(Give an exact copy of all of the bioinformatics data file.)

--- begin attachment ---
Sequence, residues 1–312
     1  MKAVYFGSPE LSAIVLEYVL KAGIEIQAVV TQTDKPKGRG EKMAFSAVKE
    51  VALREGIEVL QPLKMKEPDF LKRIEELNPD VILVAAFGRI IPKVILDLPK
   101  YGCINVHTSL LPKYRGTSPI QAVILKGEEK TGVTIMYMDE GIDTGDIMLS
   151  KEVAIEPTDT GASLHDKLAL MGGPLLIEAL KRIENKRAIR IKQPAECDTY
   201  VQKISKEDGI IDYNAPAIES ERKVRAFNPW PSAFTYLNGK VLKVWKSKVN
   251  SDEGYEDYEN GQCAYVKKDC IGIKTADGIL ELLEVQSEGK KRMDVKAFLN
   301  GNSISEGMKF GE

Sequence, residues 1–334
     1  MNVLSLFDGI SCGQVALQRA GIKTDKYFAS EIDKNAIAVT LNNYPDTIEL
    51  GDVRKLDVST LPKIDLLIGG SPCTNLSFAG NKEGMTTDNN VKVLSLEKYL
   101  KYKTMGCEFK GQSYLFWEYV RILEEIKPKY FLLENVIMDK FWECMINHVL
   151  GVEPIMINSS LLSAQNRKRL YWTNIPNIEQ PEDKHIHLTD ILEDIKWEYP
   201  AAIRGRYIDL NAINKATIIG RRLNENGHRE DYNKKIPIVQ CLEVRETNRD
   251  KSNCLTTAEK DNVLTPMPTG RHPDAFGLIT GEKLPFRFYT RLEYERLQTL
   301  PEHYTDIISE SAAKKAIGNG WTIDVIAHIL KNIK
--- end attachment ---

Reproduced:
Sequence, residues 1–312
     1  MKAVYFGSPE LSAIVLEYVL KAGIEIQAVV TQTDKPKGRG EKMAFSAVKE
    51  VALREGIEVL QPLKMKEPDF LKRIEELNPD VILVAAFGRI IPKVILDLPK
   101  YGCINVHTSL LPKYRGTSPI QAVILKGEEK TGVTIMYMDE GIDTGDIMLS
   151  KEVAIEPTDT GASLHDKLAL MGGPLLIEAL KRIENKRAIR IKQPAECDTY
   201  VQKISKEDGI IDYNAPAIES ERKVRAFNPW PSAFTYLNGK VLKVWKSKVN
   251  SDEGYEDYEN GQCAYVKKDC IGIKTADGIL ELLEVQSEGK KRMDVKAFLN
   301  GNSISEGMKF GE

Sequence, residues 1–334
     1  MNVLSLFDGI SCGQVALQRA GIKTDKYFAS EIDKNAIAVT LNNYPDTIEL
    51  GDVRKLDVST LPKIDLLIGG SPCTNLSFAG NKEGMTTDNN VKVLSLEKYL
   101  KYKTMGCEFK GQSYLFWEYV RILEEIKPKY FLLENVIMDK FWECMINHVL
   151  GVEPIMINSS LLSAQNRKRL YWTNIPNIEQ PEDKHIHLTD ILEDIKWEYP
   201  AAIRGRYIDL NAINKATIIG RRLNENGHRE DYNKKIPIVQ CLEVRETNRD
   251  KSNCLTTAEK DNVLTPMPTG RHPDAFGLIT GEKLPFRFYT RLEYERLQTL
   301  PEHYTDIISE SAAKKAIGNG WTIDVIAHIL KNIK